Chris was in an abusive relationship, and she knew she had to leave. But she hesitated. She didn’t have family nearby and having just moved to a new area, she hadn’t made any close friends. Yet her partner grew more abusive every day. But if she sought shelter, how could she protect her dog, Caitlin, as well?
Many domestic violence survivors with companion animals have to grapple with such a question. The animals may be in grave danger, since abusers—well aware of the emotional bond between their victims and beloved companion animals—will use the threat of violence against such animals to punish or intimidate their victims.
Fortunately, there are now growing resources available for survivors to obtain shelter for their animals as they seek shelter for themselves. Those who follow AWI’s Companion Animals program may already be familiar with the Safe Havens for Pets of Domestic Violence Victims national directory. Instituted in 2011, the Safe Havens directory identifies sheltering services that can assist victims of domestic violence in placing their companion animals out of harm’s way so that they may seek safety for themselves.
Safe havens operate differently from community to community. Some rely on networks of foster care homes. Some are allowed to use the additional kennel space of a local humane society or veterinarian. About 10 percent of the approximately 1,400 safe havens listed provide co-housing for both the domestic violence survivor and their pets. Depending on the local arrangement, family members may be able to visit their pets while they are in safekeeping. How long a pet can stay in a safe haven will depend on the local arrangement. In all cases, confidentiality of the pet’s location is highly guarded in order to protect the pets and their family members.
For the past several years, the National Domestic Violence Hotline (The Hotline) has included a link to the Safe Havens database on its website. The Hotline was established in 1996 as a component of the federal Violence Against Women Act, and it is supported by the US Health and Human Service’s Family Violence Prevention Service Office, as well as contributions from individuals, corporations, and foundations. It is the only national domestic violence hotline offering free, confidential 24/7/365 support in 200 languages—by phone, digital chat, and text.
By connecting its audience to AWI’s Safe Havens database, The Hotline has been pivotal in providing victims of domestic violence the resources they need to form a safety plan for themselves and their pets. In 2019, according to The Hotline, visitors to its website accessed the Safe Havens database approximately 15,000 times. Advocates at The Hotline also use the database to assist callers or chatters directly when they are seeking resources for their pets.
About 70 percent of those who accessed the database in 2019 through The Hotline’s website identified as female, matching the national pattern regarding the percentage of women and men that report being victims of domestic violence. According to The Hotline, one in three women and one in seven men will be victims of severe physical violence from an intimate partner in their lifetime. Database users (regardless of gender identity) were most often from US midsize or large cities. A 2011 study (Peek-Asa et al.) found the following:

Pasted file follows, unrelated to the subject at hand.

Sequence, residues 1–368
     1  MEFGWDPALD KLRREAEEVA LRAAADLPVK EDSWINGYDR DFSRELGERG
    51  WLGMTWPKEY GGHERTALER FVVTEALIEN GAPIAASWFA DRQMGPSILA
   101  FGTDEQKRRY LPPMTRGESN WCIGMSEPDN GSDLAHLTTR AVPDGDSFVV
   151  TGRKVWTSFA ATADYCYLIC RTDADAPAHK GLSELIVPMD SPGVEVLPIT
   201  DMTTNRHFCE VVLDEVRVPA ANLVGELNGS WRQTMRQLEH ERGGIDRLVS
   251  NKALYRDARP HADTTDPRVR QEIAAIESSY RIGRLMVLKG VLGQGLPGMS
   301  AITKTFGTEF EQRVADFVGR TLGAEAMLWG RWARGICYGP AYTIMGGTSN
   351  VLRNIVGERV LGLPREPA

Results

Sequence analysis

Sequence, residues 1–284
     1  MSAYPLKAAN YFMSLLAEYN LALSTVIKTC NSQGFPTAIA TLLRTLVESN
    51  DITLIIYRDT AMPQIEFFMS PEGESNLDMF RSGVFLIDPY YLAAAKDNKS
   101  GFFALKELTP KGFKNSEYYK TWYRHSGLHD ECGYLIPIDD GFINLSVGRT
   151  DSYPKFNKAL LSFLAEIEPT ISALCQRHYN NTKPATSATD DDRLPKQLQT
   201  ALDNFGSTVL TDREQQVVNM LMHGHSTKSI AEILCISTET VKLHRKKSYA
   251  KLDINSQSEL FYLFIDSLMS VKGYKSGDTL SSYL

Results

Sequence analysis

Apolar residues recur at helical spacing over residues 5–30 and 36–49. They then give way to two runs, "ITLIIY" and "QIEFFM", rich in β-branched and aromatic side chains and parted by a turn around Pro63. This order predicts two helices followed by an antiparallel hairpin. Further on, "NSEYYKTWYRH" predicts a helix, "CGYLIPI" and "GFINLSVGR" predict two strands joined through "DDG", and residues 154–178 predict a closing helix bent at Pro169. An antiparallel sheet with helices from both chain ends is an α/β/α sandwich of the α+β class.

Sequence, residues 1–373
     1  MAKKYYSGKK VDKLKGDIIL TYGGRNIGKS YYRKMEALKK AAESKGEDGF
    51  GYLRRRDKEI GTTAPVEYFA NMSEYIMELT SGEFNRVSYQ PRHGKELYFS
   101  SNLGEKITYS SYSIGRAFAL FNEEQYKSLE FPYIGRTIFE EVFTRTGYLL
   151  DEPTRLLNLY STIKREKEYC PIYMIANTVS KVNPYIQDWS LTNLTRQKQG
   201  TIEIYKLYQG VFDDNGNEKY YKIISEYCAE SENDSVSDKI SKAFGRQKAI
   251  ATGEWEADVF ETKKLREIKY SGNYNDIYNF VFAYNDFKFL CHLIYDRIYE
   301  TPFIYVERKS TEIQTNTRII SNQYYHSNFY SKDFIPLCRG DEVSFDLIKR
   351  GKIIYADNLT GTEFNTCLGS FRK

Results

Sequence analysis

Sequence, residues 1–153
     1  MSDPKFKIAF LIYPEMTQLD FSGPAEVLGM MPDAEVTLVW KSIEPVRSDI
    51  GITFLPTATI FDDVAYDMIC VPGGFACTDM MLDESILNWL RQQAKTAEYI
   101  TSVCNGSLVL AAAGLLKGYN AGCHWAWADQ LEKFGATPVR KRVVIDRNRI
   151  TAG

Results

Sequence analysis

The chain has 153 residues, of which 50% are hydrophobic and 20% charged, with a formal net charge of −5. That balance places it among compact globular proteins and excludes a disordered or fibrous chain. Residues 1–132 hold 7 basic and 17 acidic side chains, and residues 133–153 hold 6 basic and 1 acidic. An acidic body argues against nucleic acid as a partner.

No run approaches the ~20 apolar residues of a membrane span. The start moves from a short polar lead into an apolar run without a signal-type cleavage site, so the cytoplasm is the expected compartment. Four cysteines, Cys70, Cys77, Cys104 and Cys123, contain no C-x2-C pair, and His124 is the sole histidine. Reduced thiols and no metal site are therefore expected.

Women in small rural and isolated areas reported the highest prevalence of IPV [interpersonal violence] (22.5% and 17.9%, respectively) compared to 15.5% for urban women. Rural women reported significantly higher severity of physical abuse than their urban counterparts. The mean distance to the nearest IPV resource was three times greater for rural women than for urban women, and rural IPV programs served more counties and had fewer on-site shelter services. Over 25% of women in small rural and isolated areas lived >40 miles from the closest program, compared with <1% of women living in urban areas.
The Pet and Women Safety (PAWS) Act became law on December 20, 2018, as part of the Agriculture Improvement Act of 2018—the latest version of the extensive agricultural appropriations package (a.k.a. the “Farm Bill”) that comes before Congress every five years or so. The PAWS Act establishes a grant program for entities that provide shelter and housing assistance for domestic violence survivors to enable them to better meet the housing needs of survivors with pets. The law also takes the important step of including pets, horses, service animals, and emotional support animals in federal law pertaining to interstate stalking, protection order violations, and restitution. These provisions provide law enforcement with additional tools for protecting victims from their abusers. We can anticipate, therefore, that more resources will be available to support existing safe havens for pets of domestic violence victims, as well as facilitate the opening of new ones.
The Safe Havens database is being accessed tens of thousands of times each year, showing the drastic need for safe shelter for victims of domestic violence and their pets. Visit awionline.org/safe-pets for more information about how your community can start a safe haven for pets.